Thankfully, the second film in the series at YBCA, Chad Freidrichs’ The Pruitt-Igoe Myth, puts much more weight on these social aspects of architecture. (It will screen twice on Sunday, April 29th, at 2 and 4pm.) In fact, everything that is wrong in the structure of How Much Does Your Building Weigh, Mr. Foster? is set right in The Pruitt-Igoe Myth.

For those who haven’t heard of Pruitt-Igoe, it was a large housing project in St. Louis, Missouri completed in 1954. Considered revolutionary for its time, it gave low-income residents infrastructure (plumbing, electricity, etc.) and amenities well beyond what they previously lived with. It quickly fell in to disrepair and became a scary place to live due to high-levels of crime. Twenty decades after it was raised, Pruitt-Igoe was razed.

The Pruitt-Igoe Myth (USA: Chad Friedrichs, 2011) photo courtesy First Run Features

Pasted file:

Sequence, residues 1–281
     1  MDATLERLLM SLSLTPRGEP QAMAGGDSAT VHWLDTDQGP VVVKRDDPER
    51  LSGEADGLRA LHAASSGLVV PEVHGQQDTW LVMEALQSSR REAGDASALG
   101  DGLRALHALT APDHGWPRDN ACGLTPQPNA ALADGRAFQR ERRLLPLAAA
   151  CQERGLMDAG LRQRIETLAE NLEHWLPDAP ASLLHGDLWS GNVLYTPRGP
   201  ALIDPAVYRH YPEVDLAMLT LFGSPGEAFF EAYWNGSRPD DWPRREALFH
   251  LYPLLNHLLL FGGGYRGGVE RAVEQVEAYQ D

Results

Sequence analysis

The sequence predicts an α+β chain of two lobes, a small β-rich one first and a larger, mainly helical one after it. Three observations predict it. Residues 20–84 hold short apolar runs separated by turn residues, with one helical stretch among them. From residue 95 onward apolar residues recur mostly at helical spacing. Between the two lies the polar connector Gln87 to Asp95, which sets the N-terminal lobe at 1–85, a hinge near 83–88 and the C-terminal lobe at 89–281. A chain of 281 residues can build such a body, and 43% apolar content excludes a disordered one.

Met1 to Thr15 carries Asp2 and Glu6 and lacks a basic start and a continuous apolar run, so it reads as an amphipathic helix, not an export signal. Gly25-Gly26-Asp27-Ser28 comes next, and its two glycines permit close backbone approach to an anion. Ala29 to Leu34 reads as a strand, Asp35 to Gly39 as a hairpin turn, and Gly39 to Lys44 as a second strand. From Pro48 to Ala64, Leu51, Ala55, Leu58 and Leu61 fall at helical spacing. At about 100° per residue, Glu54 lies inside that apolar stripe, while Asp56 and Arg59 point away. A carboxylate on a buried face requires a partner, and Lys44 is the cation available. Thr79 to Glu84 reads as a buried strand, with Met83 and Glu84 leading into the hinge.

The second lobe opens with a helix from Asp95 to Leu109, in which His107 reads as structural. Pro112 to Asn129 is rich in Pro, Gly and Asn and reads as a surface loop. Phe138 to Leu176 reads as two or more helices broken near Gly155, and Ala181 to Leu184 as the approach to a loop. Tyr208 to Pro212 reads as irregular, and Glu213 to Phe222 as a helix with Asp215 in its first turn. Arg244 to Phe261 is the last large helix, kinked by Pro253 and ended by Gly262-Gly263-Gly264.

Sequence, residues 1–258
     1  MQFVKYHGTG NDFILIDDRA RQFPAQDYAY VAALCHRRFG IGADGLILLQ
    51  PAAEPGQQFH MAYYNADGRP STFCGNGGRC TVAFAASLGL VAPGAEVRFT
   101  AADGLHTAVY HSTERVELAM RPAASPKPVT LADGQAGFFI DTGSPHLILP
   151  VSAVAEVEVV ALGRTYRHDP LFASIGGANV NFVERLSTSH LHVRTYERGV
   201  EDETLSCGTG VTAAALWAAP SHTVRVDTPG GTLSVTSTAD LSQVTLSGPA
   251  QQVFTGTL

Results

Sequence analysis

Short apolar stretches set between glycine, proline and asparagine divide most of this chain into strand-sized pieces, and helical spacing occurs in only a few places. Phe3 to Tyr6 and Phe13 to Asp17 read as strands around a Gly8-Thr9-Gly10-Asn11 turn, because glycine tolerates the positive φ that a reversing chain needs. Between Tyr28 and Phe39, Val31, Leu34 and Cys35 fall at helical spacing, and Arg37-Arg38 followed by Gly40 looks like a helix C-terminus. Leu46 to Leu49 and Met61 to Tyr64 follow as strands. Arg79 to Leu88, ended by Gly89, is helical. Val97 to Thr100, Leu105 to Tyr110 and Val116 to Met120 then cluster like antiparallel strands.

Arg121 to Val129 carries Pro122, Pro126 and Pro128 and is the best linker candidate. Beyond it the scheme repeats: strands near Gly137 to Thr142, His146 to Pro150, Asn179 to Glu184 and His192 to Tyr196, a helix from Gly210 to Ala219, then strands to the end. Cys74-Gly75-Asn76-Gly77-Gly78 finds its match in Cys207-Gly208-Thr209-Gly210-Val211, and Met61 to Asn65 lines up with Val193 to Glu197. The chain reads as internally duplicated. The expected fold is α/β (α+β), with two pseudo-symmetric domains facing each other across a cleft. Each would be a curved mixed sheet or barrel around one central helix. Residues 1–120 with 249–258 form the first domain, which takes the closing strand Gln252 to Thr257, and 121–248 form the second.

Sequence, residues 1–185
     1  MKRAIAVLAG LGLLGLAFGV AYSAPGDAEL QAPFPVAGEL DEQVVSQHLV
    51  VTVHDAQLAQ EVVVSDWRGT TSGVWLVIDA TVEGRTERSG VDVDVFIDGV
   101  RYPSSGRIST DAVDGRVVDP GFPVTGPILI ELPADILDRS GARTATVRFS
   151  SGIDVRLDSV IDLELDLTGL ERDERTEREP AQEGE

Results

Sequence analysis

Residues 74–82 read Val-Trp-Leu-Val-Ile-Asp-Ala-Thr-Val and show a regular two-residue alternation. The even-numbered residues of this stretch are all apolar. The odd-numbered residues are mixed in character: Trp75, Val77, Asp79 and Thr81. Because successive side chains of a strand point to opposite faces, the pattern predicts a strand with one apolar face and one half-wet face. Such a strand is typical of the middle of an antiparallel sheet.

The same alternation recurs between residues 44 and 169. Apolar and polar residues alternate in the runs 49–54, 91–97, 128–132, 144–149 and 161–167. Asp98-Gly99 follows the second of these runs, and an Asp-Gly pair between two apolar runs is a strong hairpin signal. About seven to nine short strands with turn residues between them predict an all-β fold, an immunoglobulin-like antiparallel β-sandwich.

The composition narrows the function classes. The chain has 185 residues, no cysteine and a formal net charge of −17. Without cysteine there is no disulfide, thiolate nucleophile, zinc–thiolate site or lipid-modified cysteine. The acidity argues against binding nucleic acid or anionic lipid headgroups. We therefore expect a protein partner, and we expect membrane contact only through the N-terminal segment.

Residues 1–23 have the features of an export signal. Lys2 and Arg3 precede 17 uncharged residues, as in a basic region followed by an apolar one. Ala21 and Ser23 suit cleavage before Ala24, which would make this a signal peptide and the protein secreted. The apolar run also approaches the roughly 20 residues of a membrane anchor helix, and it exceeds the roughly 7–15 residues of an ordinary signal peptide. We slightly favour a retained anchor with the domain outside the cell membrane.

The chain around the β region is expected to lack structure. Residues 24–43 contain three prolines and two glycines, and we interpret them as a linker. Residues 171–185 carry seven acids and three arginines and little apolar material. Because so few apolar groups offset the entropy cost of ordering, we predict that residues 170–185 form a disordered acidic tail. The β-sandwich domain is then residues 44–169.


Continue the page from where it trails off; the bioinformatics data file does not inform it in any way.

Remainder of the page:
What is so valuable about Freidrichs’s documentary is that it places the Pruitt-Igoe housing projects in the proper complicated historical, political, and social perspective. The stock answers explaining Pruitt-Igoe’s demise have always been a combination of three choices: the un-livability of modernist architecture, the failure of government welfare, and the behaviors of the residents themselves. (As the film demonstrates from archival footage, the racism of the latter ‘answer’ was often explicit in the words of many of the suburban whites towards the primarily black residents.) Through interviews with former residents of Pruitt-Igoe, a sociologists who worked with the residents, and urban historians who have studied Pruitt-Igoe within a broader context, we learn how limiting those stock answers are. Ironically, part of Pruitt-Igoe’s demise was foretold in the law that enabled its creation, the 1949 Housing Act. Although the act provided funding for the creation of Pruitt-Igoe, it relied on the rent paid by residents, all low-income, for upkeep. At the same time, the 1949 Housing Act subsidized the creation of suburbia through roads and other infrastructure. Add to this the redlining housing practices of developers and lenders keeping non-whites out of the suburbs and the suburbs became a publicly subsidized space only accessible for the white middle and upper-middle class. As a result of this white-flight-to-suburbia, (an American creation that represents what urbanist James Howard Kunstler calls “the greatest misallocation of resources in the history of the world” since it solidified our car/oil dependency that will obstruct our growth in the near future), the jobs followed white middle-class folk to the suburbs. As a result, few jobs were left for the primarily black residents of Pruitt-Igoe, making the upkeep of Pruitt-Igoe nearly impossible to maintain.